Boris Johnson’s resignation is the end of his career – will he take Theresa May with him?

The former mayor of London’s pull within the Conservative Party is not what it once was. 

Sign Up

Get the New Statesman's Morning Call email.

And then there were three: Boris Johnson has quit his post as foreign secretary, walking out of the government rather than support Theresa May’s proposals for a customs arrangement with the European Union.

It leaves the Prime Minister further weakened, having already lost David Davis as brexit secretary, in addition to Steve Baker, a junior minister in Davis’ department

Johnson’s departure is less of a body blow than Davis’, however: his gaffe-strewn tenure as foreign secretary has eroded his standing among MPs and he is less likely to take others with him than Davis. Of the remaining five Leave-voting cabinet ministers who joined Johnson and Davis at a meeting in the Foreign Office to plan strategy, Penny Mordaunt, Michael Gove and Andrea Leadsom have all publicly welcomed the appointment of Dominic Raab as David Davis’ replacement, while Gove and Leadsom have publicly defended the deal on the airwaves.

But Johnson’s departure could yet precipitate a further crisis. It increases the chances that May will face a vote of confidence in her leadership. Just 15 per cent of Conservative MPs (48 at present) need to sign letters calling for a vote to trigger one.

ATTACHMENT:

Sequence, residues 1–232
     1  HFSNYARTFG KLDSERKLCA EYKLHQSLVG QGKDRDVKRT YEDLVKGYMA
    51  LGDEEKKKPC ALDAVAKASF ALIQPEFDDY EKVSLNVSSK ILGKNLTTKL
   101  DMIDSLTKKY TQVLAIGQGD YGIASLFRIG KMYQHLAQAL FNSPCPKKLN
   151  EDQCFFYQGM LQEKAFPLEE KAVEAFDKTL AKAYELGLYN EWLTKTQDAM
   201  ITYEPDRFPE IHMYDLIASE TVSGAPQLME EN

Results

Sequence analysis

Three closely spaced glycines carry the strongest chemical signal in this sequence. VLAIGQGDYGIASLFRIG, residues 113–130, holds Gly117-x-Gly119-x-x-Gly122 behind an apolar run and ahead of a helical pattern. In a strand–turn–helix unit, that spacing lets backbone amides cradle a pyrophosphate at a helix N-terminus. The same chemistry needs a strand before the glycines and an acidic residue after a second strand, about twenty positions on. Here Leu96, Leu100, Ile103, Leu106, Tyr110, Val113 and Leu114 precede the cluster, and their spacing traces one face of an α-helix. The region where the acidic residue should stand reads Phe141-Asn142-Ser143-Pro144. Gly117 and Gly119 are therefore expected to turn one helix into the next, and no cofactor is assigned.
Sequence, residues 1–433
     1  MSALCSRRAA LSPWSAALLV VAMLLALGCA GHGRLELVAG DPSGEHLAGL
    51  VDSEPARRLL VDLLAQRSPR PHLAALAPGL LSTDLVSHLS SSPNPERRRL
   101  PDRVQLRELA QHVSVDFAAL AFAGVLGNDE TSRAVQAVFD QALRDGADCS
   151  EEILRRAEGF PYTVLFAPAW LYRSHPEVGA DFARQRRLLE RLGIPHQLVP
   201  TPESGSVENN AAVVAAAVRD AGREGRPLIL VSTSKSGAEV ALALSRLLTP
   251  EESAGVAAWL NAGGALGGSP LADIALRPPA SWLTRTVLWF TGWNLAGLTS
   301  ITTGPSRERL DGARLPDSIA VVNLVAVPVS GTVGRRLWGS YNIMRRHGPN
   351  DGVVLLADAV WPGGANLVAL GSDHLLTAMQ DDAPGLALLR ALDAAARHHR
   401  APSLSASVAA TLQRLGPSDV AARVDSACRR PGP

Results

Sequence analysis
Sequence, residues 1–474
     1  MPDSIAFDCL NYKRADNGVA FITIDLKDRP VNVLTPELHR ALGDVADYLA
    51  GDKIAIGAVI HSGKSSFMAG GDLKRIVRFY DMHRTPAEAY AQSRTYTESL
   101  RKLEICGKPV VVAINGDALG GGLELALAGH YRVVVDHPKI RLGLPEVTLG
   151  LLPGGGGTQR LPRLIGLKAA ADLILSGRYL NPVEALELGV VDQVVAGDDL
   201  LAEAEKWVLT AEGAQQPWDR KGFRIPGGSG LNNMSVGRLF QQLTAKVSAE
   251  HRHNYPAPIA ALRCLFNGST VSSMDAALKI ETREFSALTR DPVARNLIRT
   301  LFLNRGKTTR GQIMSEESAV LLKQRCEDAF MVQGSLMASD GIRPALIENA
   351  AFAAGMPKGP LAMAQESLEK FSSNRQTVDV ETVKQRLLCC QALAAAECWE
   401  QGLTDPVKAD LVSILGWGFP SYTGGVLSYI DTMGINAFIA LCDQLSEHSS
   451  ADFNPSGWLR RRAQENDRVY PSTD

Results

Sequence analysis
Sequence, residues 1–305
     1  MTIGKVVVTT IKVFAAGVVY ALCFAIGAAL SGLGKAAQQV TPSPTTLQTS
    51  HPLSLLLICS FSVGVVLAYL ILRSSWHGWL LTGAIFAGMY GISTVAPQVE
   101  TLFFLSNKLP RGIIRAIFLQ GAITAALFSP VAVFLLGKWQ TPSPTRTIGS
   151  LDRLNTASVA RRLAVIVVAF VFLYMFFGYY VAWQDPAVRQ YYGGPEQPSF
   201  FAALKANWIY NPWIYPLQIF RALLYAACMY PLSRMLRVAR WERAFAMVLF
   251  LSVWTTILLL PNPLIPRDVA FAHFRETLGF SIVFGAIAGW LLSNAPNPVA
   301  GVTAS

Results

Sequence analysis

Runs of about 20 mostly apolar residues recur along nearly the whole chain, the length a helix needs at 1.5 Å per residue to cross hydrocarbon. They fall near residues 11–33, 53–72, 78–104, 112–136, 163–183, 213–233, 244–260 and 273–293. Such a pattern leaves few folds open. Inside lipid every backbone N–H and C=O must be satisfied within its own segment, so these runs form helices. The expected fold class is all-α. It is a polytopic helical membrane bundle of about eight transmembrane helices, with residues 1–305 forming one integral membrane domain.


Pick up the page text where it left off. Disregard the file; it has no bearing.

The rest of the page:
May’s allies believe they will easily see off a vote of confidence and in many ways Johnson’s exit increases the chances of her survival. Rees-Mogg and Baker are also pessimistic about the prospects of removing May, with both calling for policy, not personnel change. 

Unlike Davis, who retained a measure of affection outside Tory Brexiteer circles, Johnson has become  a deeply divisive figure within the parliamentary party and is particularly disliked by former supporters of David Cameron, many of whom are determined to prevent him becoming Prime Minister no matter what. May has been handed a powerful message to win over those MPs in the event of a confidence vote.

So it is far more likely that Johnson’s exit marks the end of the former mayor’s frontline career rather than May’s.

Stephen Bush is political editor of the New Statesman. His daily briefing, Morning Call, provides a quick and essential guide to domestic and global politics.

Free trial CSS